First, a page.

“We can still stop this war,” says Misuari on the Sabah standoff
Nur Misuari, chair of the Moro National Liberation Front (MNLF) said he is willing to go to Sabah and talk to the troops who launched a standoff, “in a brotherly way.”
By Cheryll D. Fiel
Davao City, Philippines — Nur Misuari, chair of the Moro National Liberation Front (MNLF) says he is willing to mediate on the tension between Malaysia and the Sultanate of Sulu on the disputed island of Sabah, where violence erupted after a clash between the Sultanate’s police force and the Malaysian army.
He said he is willing to go to Sabah and talk to the troops who launched a standoff, “in a brotherly way.”
The MNLF leader said the governor of Tawi-Tawi Sadikul Sahali and “somebody from the national government” has pleaded with him to join an entourage going to Kuala Lumpur and Sabah. “They want me to contact these young people, tapos ngunit ngayon, aywan ko (but now, I don’t know),” he said.
Misuari said another way of solving the problem, is by making an appeal to his friend Malaysian Prime Minister Datuk Seri Najib Tun Razak. He claims the Prime Minister is a cousin of his grand nephew, whose grandfathers are brothers. “So I intend to send him there, to talk to Najib and persuade him to desist from sending more forces [in Sabah].”
He said he will also talk to Sultan Jamalul Kiram III, not to aggravate the situation.
“I can mediate with them, anyway, Sabah and Sarawak belong to me, and my clan. It doesn’t belong to the Sultanate, because this is the property of my great great grandfather Panglima Pahabasal Elija,” Misuari added.
Misuari flew in to Davao Saturday after attending a month-long meeting with the parliaments of the Organization of Islamic Conference (OIC), conferred with Vice Mayor Rodrigo Duterte in Mandaya Hotel to talk on these options.
He clarified that the accusations of his involvement in the Sabah tension are “baseless and unfounded.”
Duterte, for his part, assured Misuari of support if anything happens. The Vice Mayor, without elaborating, offered help “in connecting and talking it out” with the national government.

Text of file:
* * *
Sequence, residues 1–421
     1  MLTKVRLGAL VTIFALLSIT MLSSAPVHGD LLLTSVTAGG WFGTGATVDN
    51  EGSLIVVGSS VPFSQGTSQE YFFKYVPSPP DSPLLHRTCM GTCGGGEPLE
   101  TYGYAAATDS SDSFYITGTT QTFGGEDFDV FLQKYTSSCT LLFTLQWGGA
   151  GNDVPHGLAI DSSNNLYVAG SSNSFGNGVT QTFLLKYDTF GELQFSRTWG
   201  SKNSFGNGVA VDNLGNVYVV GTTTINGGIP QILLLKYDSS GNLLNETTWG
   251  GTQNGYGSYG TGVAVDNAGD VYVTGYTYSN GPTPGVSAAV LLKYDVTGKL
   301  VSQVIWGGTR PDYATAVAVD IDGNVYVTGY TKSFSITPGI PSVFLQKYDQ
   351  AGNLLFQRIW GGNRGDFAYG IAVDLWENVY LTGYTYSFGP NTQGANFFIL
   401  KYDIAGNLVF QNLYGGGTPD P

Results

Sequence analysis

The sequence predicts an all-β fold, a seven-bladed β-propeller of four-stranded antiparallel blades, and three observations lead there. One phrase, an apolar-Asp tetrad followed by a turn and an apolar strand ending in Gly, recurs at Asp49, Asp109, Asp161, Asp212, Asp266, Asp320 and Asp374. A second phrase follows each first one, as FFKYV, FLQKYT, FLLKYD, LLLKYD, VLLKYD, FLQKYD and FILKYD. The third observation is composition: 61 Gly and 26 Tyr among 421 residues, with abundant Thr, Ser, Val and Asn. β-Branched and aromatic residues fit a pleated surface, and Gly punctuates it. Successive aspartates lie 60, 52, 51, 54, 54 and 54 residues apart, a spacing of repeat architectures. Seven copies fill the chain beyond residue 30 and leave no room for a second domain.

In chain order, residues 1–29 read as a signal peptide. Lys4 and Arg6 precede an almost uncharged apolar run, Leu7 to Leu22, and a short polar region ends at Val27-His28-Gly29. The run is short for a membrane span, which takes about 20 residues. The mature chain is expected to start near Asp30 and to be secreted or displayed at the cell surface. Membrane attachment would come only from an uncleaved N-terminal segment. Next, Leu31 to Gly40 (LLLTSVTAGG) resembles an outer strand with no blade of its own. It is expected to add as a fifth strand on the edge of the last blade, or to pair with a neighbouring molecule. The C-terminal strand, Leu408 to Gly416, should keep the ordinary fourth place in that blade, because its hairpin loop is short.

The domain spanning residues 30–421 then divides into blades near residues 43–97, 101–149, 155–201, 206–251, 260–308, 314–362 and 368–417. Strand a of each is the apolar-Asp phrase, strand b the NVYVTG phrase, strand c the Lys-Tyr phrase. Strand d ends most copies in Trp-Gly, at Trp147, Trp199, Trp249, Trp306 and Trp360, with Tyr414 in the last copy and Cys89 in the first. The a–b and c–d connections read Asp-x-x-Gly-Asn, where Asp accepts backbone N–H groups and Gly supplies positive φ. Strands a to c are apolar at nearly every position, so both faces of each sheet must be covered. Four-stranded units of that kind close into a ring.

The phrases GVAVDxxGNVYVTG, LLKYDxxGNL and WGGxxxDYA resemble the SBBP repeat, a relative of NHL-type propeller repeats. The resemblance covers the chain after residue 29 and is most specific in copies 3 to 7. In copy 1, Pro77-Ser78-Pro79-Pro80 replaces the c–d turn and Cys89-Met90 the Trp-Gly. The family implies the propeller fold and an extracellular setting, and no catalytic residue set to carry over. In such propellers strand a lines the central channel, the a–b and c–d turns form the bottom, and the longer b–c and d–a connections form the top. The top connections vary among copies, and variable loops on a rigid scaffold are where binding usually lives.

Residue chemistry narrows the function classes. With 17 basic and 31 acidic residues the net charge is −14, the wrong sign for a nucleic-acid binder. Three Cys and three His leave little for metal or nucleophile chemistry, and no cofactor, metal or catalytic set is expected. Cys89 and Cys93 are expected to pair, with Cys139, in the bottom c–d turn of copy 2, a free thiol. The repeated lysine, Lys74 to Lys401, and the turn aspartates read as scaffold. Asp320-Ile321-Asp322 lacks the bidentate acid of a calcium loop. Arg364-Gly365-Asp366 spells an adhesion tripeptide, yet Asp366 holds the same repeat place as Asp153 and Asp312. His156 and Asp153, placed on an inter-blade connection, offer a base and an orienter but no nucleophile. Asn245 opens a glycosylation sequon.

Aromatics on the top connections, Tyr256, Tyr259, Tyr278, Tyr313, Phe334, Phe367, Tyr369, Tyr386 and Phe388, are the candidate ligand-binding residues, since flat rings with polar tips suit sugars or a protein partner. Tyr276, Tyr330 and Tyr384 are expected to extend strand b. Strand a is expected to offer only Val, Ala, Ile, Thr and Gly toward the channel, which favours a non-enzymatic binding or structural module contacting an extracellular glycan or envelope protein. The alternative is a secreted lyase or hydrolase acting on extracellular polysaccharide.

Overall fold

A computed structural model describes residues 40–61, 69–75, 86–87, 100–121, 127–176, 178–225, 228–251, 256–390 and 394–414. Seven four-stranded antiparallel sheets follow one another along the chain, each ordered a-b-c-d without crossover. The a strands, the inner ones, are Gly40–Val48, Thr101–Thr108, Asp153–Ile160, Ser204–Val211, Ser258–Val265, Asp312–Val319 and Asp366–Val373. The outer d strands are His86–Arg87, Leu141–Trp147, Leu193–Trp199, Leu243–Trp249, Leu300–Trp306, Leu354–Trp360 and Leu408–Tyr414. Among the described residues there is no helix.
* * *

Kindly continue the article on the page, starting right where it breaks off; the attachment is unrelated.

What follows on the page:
Misuari said he talked to Sultan Kiram in a discreet meeting the night before he left for Davao. He told the Sultan be careful because “(the government is) preparing to arrest you.”
“Sabi niya, mas gusto ko ma-arrest na ako para makapagpahinga na ako sa loob ng prison. (He said, he wanted to be arrested so he can relax in prison.)”
Misuari thinks it is a big gamble on the Sultanate royal army to send their troops and mass up in Sabah. He is worried that violence might spread in Kunak, then to Kota Kinabalu in Sandakan and to other places.
Misuari said he does not want any trouble with Philippine government and Malaysia. He thinks the problem is better left between the Bangsamoro people and the Malaysian people to resolve. “We should not allow other people to come in. It might only aggravate the situation,” he said.
Misuari lashed at President Benigno Aquino III for saying the Sultan’s claim and actions are “a hopeless cause”. “He knows nothing about what he is talking about. He will become a laughing stock in the whole world with the way he presents himself before the eyes of the peoples of the world.”
Maintaining that he has no hand in the incident, Misuari said he is in the midst of preparing for the resumption of peace talks between the Philippine government and the MNLF this month in Jakarta. Indonesia has offered to broker the resumption of the talks.
Misuari sounded firm that peace is at hand in Mindanao, “if not for the Sabah problem.”
Misuari said, he will leave the next day and meet with them [MNLF troops]. “Maybe the brother might want me to report to them about my travel abroad, and possibly will also include the whole Sabah,” he said.
Misuari is expected to attend the 6th Mindanao Indigenous Peoples Convention/2nd ATM General Assembly/1st Bangsamoro-Highlanders Mindanao Grand Summit this afternoon where he will be conferred as “adopted sons of Mindanao” with senatorial candidate Jack Enrile. (Cheryll D. Fiel, davaotoday.com)